Along These Shifting Borders, Life is Full of Unease and Adversity

For people near the borders of these Russian-supported separatist territories in Georgia, uncertainty is a constant struggle.

The village of Nikozi, which rests just south of the South Ossetia border, was heavily bombed during the Russo-Georgian War in 2008. At the time of the conflict, Isaiah, a metropolitan bishop, led a congregation that included people on both sides of the border. He chose to stay in South Ossetia with a portion of his community for three years, until finally returning home to Nikozi.
Photograph by Daro Sulakauri

Fear, thick and unyielding, is a constant for many Georgians living along the shifting borders of South Ossetia and Abkhazia, Russian-supported separatist territories that were once governed by Georgia—and officially still are according to the United States and the majority of the international community. Could this be the day they wake up and find that—overnight, without warning—their home now sits on foreign soil and their money is worthless?

The regions declared their independence in the 1990s and have been under dispute for decades. During the Russo-Georgian War in 2008, Russian forces invaded the territories and have continued to move their administrative borders farther and farther into Georgia. Though the borders are not currently recognized by much of the world, they have real and serious effects on the people living in the area. Their frequent, sometimes daily, changes cause chaos for community members who find themselves, their schools, and their places of business unexpectedly under occupation.

<p>A child takes a swim in the Enguri River, which is used as the borderline of the Russian-supported separatist territory of Abkhazia. The river was previously known as a good location for safely crossing into Abkhazia, but recent installation of barbed wire fencing and surveillance equipment has stalling those crossings.</p>

A child takes a swim in the Enguri River, which is used as the borderline of the Russian-supported separatist territory of Abkhazia. The river was previously known as a good location for safely crossing into Abkhazia, but recent installation of barbed wire fencing and surveillance equipment has stalling those crossings.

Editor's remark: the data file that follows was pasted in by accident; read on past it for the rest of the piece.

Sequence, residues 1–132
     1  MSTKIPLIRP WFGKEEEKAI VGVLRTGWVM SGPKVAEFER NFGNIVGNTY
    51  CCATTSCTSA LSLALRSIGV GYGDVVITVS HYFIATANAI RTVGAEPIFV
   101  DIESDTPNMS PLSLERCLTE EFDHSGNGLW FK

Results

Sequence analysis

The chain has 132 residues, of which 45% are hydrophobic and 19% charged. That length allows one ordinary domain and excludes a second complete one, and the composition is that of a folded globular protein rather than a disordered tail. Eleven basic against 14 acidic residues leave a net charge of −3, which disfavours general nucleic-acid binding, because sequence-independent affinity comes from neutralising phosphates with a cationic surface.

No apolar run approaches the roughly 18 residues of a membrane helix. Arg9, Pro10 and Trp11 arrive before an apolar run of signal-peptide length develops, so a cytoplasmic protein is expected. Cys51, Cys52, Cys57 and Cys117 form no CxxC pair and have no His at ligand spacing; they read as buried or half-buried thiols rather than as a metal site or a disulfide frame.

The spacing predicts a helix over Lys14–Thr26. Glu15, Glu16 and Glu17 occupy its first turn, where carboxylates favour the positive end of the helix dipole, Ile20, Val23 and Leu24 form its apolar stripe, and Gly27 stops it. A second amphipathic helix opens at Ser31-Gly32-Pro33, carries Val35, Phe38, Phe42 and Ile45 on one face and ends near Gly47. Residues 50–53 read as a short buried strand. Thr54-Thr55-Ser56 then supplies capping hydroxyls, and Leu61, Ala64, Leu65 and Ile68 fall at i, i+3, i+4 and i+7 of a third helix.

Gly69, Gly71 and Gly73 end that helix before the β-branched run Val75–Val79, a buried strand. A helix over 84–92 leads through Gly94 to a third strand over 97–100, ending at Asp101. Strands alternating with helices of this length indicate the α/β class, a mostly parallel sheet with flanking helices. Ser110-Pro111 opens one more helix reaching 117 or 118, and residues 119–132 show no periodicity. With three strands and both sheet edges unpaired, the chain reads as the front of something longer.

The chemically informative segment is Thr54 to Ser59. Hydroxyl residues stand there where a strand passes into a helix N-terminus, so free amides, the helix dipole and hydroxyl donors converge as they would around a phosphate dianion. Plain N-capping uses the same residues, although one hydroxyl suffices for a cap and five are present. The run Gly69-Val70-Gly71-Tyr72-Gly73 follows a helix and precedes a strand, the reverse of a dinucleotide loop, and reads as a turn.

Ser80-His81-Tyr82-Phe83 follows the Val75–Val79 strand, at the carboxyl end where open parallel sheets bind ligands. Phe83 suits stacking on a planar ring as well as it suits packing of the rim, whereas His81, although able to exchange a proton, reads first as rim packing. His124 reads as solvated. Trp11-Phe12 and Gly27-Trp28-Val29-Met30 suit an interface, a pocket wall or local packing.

Photograph by Daro Sulakauri

Photographer Daro Sulakauri, who has spent nearly 10 years documenting this volatile region, says it is the “psychological games” imposed on those living on the borderlines that she finds most problematic. As a Georgian child of the nineties, she says tensions with her neighboring country were a pervasive part of her daily life. “You never know how safe you are,” says Sulakauri. “I felt this when I was walking around visiting the [borderline] villages. There is no one around. If you scream out, no one will hear you.”

Sometimes the lines are clear; spikes of barbed wire that twist and taunt or concrete slabs that sit squat and indifferent. Many more lines are invisible and constantly mutating, so Georgian villagers out for a walk may suddenly find themselves across a newly moved border—facing fines, arrest, or detention. “There are also a lot of cases where farmers lose cows because they will wander over to occupied territory and never come back,” she adds. “This is a big issue when a lot of their income comes from their cows.”

Loss of livestock is one consequence, others include families being torn apart, loss of education, and crushing poverty. Data Vanishvili, an 84-year-old Georgian who Sulakauri met and photographed through a barbed wire fence, woke up one morning to find his home on the other side of the border and his money worthless. “It’s a really sad situation for him,” she says. “Since he got a pension in Georgian Lari, when he wants to buy bread he would call his neighbors and give them money over the barbed wire fence and then the neighbor would buy the bread and give it back to him. He's trying to survive somehow.”

Resilience and a warm-hearted optimism are these villagers’ lifeline and Sulakauri felt this most keenly among the children. “They're so pure, but they are also grown up because of what they have gone through,” she says. One nine-year-old girl named Nana was forced to change schools because hers was moved beyond the checkpoint in 2017. Nana misses her old friends but finds joy in dancing and would often put on her traditional folk dress and perform for anyone watching. “She has so much deepness in her,” says Sulakauri. “She's such a grown up but such a kid. Her family almost [doesn’t] have money for food and all of a sudden she has this idea to get dressed and dance.”

Daro Sulakauri is a Georgian photojournalist based in Tblisi. See more of her work on her website or by following her on Instagram.

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